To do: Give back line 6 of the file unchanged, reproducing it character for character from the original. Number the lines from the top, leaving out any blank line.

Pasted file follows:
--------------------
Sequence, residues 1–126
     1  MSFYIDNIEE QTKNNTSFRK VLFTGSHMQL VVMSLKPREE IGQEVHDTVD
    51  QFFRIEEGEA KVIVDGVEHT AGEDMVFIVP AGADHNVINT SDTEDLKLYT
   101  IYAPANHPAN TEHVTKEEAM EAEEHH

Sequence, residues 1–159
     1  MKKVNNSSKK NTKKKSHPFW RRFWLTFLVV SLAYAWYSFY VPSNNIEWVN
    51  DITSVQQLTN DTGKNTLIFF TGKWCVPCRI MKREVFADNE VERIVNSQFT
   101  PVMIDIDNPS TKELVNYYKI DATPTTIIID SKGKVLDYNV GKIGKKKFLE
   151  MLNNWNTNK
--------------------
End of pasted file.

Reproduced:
     1  MKKVNNSSKK NTKKKSHPFW RRFWLTFLVV SLAYAWYSFY VPSNNIEWVN